A little over a week ago, a very attractive box landed in my mailbox. Opening it up, I saw eight 2-oz. cans of eight different hop varieties, along with some stickers, a card describing the hops, and a set of stainless steel cups to portion out hop additions.

So, what do I think about all of this? Let’s take a look! (note: I paid for this myself, and did not receive any compensation for the review, so I feel I can be reasonably even-handed)

The Hops

I was pretty impressed by the hops! All were from the 2021 crop, so I have no doubt on freshness. High marks there.

I am also impressed by the varieties–this box included Bravo, Cashmere, Cascade, Centennial, El Dorado, Strata, Waimea, and Wai-iti. A few are ridiculously expensive to buy at some suppliers (e.g., Strata sells at over $2.50 per ounce at some online stores), and others aren’t yet available for this crop via YCH (e.g., Cashmere and El Dorado).

For my brewing habits, this is a perfect quantity of hops. There are enough to do a few beers with fun blends–for instance, my first batch uses Bravo as the bittering with Waimea+Wai-iti+Cashmere for the whirlpool and dry hop. There isn’t enough of each for a five gallon SMaSH beer, but I think I’m okay with that. I can always go back and try a particularly intriguing variety in more depth. For me, Waimea is the standout in my current package so far, and I may well come back to that.

I like that this box fits within a general theme, of “hops that are good for IPAs and pale ales”. That made it a lot easier to plan brewing, versus if I had gotten a smattering of hops suited for disparate styles.

One thing that might have been nice is access to detailed data on individual lots. The packages had alpha acids, etc., but I wouldn’t complain if there were specifics on particular hop oil quantities, etc. That is a very minor quibble, though.

The Extras

This box came with two stickers as well as a set of stainless steel cups to portion out hops. I’m not really a sticker person, so those were somewhat of a wash, but the cups have already gotten use in my brewery. Previously I have been using reusable plastic containers, which are OK but a bit large for what I need. The little stainless steel containers (the same as 4 oz. sauce cups you might get at a restaurant) are branded with the YVH logo and will fit 3 oz. of hops fairly comfortably. The cups also make it easy to weigh out an ounce at a time, or a measure mineral additions.

One extra I might suggest for future boxes would be to include variety-specific recipes for the hops. I of course had fun thinking up something on my own, but at the very least a starting point would be helpful.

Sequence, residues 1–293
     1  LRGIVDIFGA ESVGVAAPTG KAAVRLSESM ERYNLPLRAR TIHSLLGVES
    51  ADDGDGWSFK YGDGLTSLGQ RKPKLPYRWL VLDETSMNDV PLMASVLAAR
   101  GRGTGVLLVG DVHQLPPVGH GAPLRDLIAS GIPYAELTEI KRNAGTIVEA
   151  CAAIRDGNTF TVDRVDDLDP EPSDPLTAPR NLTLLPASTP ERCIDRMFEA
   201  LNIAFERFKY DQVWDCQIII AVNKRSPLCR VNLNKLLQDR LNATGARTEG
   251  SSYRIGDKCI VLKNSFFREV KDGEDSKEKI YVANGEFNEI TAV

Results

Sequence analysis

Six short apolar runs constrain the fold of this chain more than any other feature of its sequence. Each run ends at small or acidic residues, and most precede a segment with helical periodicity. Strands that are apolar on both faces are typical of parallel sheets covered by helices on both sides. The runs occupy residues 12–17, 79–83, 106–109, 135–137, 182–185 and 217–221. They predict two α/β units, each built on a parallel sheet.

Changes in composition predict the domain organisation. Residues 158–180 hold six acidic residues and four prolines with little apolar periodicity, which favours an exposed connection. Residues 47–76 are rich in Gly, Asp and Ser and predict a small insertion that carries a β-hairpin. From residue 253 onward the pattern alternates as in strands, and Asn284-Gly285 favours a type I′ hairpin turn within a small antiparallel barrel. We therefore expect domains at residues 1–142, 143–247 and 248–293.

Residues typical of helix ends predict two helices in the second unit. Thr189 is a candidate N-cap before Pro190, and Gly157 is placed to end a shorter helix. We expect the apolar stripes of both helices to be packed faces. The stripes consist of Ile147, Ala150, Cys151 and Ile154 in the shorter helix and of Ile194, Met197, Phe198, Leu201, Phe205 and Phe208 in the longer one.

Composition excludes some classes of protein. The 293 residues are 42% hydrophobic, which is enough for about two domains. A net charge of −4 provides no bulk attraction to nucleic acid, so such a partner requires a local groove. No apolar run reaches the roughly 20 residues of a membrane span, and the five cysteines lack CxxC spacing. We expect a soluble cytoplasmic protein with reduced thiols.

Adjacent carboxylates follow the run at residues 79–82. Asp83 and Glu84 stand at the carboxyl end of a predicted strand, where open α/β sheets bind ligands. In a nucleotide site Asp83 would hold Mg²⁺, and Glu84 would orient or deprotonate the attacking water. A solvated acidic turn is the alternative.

The Packaging

Yakima Valley Hops uses a nitrogen-flushed pull-top can, which is pretty slick. There’s no doubt as to the fact that they’re sealed and pretty impermeable to oxygen. A minor beef is that they are a little less convenient to store compactly in my deep freezer than bags are, and the cans also tend to wrinkle slightly due to the contraction of the internal gases at freezer temperatures. That said, they’re quite visually attractive.

The box itself was nicely arranged, and it was enjoyable to open and see what all was inside. I personally find unboxing videos or excessive commentary on such things a bit over the top, but I can’t deny that I had fun.

The box/packaging itself are maybe a little big for what’s inside, but it is all cardboard and recyclable, so I give them high marks for that. There’s no excess plastic junk, or unrecyclable bits. Also, everything arrived in perfect shape.

The Cost

Because I ponied up for a one year (four box) subscription, this knocked 15% off the $40 price tag per box, so I’m paying $34/box. And, shipping is free! Is that worth it? Overall, I think yes.

For comparison, I priced out 2 oz. containers of each hop on the Yakima Valley Hops website. This adds up to about $18.50 of hops and $9.70 of shipping, for $28.20 total. I will note, though, that some of the things in my box are currently sold out or only available in 2020 or 2019 crop years. When I compared with MoreBeer, you’d spend around $31.42 and then an additional $8 or $10 for shipping, and you wouldn’t necessarily get as much control over which year you got.

In pricing out the stainless steel cups, it looks like they run around 50 cents to $1 each online; just for the sake of argument, let’s say $1 each (they have printing on the outside, after all). So, that’s $6 value there, more or less.

With everything included ($28.20 of hops and $6 of steel cups), and free shipping, I would say this box is about a break-even proposition, and you definitely come out ahead versus if you had to pay shipping. The exclusive access to some hops is also a nice perk. Overall, the box is also a fairly good value versus buying each individually at a reseller. However, the box wouldn’t necessarily be a good value at full price ($40).


On the whole, I rate the HOPBOX a 4 out of 5, and it comes awfully close to being 5 out of 5. The cost for what you get is pretty good, although not a ridiculous steal. The full-price one-off box might make for a good gift for someone, but if you brew a lot and are likely to use the hops, I would just get a full-year subscription to save a fair bit of money. The hop selection is top-notch, and the extras in the box are pretty cool. Additionally, at least this first box has definitely helped me to expand my brewing horizons, so mission accomplished! I definitely recommend this if you are a hophead or know someone who is.